Sunday, 10 October 2010

About Testing String Theory by Analogy

I like string theory, but as sad as it may seem we have to face that there is still no experimental test of it. And again, as desperate some people may be not to have wasted their lives (which actually is an unjustifiable fear), if string theory turns out to be not falsifiable, it is not science, but just a book keeping device. That's true. Without any falsifiable prediction, string theory becomes an extremely elegant and compact way to express our nature's knowledge up to date. If you are fine with that, no problem, but sincerely I prefer not to be sure that there will be no more experiments with explanations requiring new physics to be done even in principle. But I can be wrong.

But what this post is really about is alleged tests of string theory based on mathematical analogies. I can't deny that supersymmetry is a non-trivial prediction. If it is true, point to string theory. But other theories can be supersymmetric too. Another day, I heard about a paper using string theory to quantum computing, and these days I have heard a lot about holographic superconductors and AdS/CFT applied to condensed matter.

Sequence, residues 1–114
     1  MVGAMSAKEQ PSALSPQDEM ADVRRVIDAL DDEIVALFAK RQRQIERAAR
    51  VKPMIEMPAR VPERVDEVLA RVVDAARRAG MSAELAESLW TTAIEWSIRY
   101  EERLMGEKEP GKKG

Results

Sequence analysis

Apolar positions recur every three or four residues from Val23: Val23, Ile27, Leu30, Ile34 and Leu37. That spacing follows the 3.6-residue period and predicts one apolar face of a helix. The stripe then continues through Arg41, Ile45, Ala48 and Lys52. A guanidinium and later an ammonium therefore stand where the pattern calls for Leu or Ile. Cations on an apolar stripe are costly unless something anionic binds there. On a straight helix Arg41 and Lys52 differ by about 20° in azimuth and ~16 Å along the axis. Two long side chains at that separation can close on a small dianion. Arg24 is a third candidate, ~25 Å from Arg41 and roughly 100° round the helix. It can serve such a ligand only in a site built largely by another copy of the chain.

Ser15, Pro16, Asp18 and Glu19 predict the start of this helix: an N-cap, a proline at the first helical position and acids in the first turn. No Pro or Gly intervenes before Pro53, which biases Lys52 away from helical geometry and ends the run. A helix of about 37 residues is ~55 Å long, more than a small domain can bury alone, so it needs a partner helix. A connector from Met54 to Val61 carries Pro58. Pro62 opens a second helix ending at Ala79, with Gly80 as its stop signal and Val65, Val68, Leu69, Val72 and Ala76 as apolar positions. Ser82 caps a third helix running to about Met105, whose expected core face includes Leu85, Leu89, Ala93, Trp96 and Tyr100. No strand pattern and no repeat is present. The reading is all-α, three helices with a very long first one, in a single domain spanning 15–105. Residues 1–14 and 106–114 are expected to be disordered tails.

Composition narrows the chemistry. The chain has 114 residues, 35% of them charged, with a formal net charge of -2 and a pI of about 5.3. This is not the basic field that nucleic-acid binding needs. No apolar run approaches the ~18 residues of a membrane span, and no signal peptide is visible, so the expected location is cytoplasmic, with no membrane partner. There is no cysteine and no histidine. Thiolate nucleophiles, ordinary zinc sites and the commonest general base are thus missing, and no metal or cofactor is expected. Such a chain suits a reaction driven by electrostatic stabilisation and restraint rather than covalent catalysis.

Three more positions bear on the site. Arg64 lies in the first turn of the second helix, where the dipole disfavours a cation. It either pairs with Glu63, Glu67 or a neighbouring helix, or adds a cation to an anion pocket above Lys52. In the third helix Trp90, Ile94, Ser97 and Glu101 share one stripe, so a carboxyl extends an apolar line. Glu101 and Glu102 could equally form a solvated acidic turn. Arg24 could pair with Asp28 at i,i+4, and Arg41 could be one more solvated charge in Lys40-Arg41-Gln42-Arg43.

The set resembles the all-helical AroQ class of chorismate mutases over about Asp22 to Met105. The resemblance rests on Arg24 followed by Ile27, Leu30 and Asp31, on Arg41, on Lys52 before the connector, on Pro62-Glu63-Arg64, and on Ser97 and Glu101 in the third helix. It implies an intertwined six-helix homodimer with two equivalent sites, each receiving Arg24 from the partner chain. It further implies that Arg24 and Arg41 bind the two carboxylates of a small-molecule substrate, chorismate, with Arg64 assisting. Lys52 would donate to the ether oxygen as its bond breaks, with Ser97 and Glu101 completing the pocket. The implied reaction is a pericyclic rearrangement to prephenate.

However, people must remember that applying the methods developed in one theory to other does not provide a proof of the former. The fact that you can use Feynman graphs in condensed matter and it works for explaining superconductivity does not mean that QFT is proved by it, experiments do. There is a difference between the mathematical methods developed to deal with a theory and the theory itself. Some people will say that there isn't, but that is dead wrong! The power of mathematics comes from abstraction and this allows for the use of the same tools to different problems. But physics is not only mathematics and depend on principles that are derived from and tested by experiments.

I am not saying that string theory is not science. On the contrary. It is a possible hypothesis which is being explored. However, it is not a proved theory no matter what the most intelligent people in the world say. Nature usually cares very little about what intelligent people think. There are many examples of it in human history. And the bottom line is that, even if the mathematics of string theory helps other theories, that does not count as a verification of string theory.

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